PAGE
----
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As flights resume out of Kweiris, rebel commander expects raids to increase

 A Syrian Arab Air Force pilot, returning from the first […]

 A Syrian Arab Air Force pilot, returning from the first flight launched from Kweiris airbase following the regime’s lifting of the Kweiris siege on November 10, greets Colonel Suheil al-Hassan. First documented in July of 2012, weaponized L-39s hold the ignoble distinction of being the first fixed-wing aircraft deployed to suppress revolting protestors. Source: Shaam News Network, originally Syria Satellite TV. Available on YouTube.

The Syrian regime has resumed warplane flights out of Kweiris military airbase, with a local rebel commander predicting on Wednesday that the base will deliver close air support to regime soldiers in the Aleppo countryside, in addition to more frequent air raids against Aleppo city.

“The regime will be flying the L-39 Albatros out of Kweiris, a cheap, light and highly maneuverable ground-attack jet,” a-Sheikh Abd a-Rahman a-Turki, a commander with the Aleppo-based Harakat Nour a-Din a-Zinki rebel brigade, an alleged recipient of American-supplied TOW missiles, told Syria Direct Wednesday.

The Syrian Air Force resumed flights out of Kweiris Tuesday night, but the destination of their missions remains unclear. “With all pride and fortitude, we’ve returned to Kweiris airbase,” a regime pilot told a pro-regime television crew Tuesday night, after returning to the base.

The Czech-designed and built L-39 two-seater aircraft may field a variety of weapons and ordnance, including a 23mm twin-barrel cannon, air-to-air missiles and a 1,000kg conventional bomb load, a-Turki told Syria Direct.

The aircraft will be especially useful for striking rebel infantry and armor targets in support of regime ground operations across the Aleppo countryside, said a-Turki. Since the Kweiris airbase is only 35km east of Aleppo city, the regime will likely “increase raids across Aleppo province,” said the commander.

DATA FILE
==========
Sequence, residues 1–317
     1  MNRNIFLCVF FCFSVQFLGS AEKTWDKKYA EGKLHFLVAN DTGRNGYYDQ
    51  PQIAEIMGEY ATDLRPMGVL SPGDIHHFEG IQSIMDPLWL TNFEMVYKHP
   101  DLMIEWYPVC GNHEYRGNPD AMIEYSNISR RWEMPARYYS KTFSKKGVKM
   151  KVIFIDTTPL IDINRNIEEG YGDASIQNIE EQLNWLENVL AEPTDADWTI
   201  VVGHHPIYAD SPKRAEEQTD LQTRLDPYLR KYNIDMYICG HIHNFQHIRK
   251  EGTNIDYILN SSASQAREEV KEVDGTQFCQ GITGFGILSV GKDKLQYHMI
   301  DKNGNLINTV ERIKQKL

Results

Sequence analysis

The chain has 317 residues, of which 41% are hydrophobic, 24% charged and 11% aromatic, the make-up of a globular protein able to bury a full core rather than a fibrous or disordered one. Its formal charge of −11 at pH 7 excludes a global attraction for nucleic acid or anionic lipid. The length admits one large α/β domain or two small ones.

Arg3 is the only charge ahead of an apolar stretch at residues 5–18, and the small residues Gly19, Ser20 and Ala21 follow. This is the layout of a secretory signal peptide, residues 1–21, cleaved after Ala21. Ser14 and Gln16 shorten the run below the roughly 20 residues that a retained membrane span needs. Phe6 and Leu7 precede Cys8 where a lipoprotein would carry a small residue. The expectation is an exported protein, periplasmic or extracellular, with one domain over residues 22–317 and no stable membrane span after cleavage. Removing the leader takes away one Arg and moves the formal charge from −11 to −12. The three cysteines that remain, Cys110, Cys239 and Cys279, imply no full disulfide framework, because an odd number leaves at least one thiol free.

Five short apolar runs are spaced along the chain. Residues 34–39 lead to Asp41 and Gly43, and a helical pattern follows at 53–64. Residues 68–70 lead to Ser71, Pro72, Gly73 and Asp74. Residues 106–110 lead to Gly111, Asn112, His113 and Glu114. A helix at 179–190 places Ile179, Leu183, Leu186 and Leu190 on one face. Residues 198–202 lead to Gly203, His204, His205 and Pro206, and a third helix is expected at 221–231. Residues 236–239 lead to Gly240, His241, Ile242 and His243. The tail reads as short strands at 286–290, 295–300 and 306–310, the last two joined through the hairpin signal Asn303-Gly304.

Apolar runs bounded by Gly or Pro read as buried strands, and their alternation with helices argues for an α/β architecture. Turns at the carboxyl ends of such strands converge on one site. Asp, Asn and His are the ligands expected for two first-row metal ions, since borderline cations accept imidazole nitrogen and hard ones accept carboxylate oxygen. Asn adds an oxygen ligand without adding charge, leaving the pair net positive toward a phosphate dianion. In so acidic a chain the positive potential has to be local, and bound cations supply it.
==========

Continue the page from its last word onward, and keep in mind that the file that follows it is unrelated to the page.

The Syrian regime announced both a strategic and propaganda victory last month after it broke the Islamic State’s two-year encirclement of Kweiris airbase. In the days following the base’s liberation, the regime publicly celebrated the win, which came just weeks after the Abu Dhuhour airbase in Idlib province fell to Jabhat a-Nusra.

“The Syrian Arab Army’s perseverance at Kweiris strengthened Syria’s defenses and thanks to them we will achieve victory against the terrorists,” Latakia Governor Ibrahim Khader Salim told a reception for returning soldiers and other dignitaries on November 23, SANA news reported.

Whether a newly operational Kweiris will concretely affect al-Assad’s battle prospects in Aleppo is up for debate. Ground-attack aircraft are lacking, and a reopened Kweiris may assist regime ground forces currently fighting amulti-pronged, Russian-backed ground offensivein Aleppo.

Although yet another push to liberate the rebel-encircled Shiite towns ofNubl and Zahraa to the city’s northwest has largely stalled, the regime has made steady and rapid advances in the city’ssouthwest countryside, totaling hundreds of square kilometers since the offensive’s launch on October 16.

 Regime gains in southwest Aleppo since October total hundreds of square kilometers. Map source: Agothecle de Syracuse. For a map of December gains, see “The Situation in South Aleppo on December 14, 2015” by Agothecle de Syracuse.

One citizen journalist says that local residents will blame the Islamic State for accelerated air raids.

“By giving up Kweiris to the regime, the Islamic State is essentially the cause for renewed torment in the form of yet more regime air attacks,” Amir al-Faj, an Aleppo-based journalist told Syria Direct Wednesday.

Photo courtesy of Shaam News Network, originally Syria Satellite TV. Available on YouTube.

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